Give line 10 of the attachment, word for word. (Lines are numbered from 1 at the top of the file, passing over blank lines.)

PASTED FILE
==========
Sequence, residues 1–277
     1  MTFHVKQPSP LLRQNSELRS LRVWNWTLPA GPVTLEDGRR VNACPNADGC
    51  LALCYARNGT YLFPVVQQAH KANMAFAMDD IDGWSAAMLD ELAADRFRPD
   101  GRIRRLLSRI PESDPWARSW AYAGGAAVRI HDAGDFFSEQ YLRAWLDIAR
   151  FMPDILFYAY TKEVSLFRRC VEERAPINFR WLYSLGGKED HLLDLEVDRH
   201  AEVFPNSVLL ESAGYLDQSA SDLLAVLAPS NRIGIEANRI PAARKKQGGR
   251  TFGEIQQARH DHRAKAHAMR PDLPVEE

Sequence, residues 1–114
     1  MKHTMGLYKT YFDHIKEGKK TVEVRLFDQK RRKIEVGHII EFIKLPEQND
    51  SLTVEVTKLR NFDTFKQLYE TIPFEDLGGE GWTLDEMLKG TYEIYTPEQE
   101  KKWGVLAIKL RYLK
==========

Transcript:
    51  SLTVEVTKLR NFDTFKQLYE TIPFEDLGGE GWTLDEMLKG TYEIYTPEQE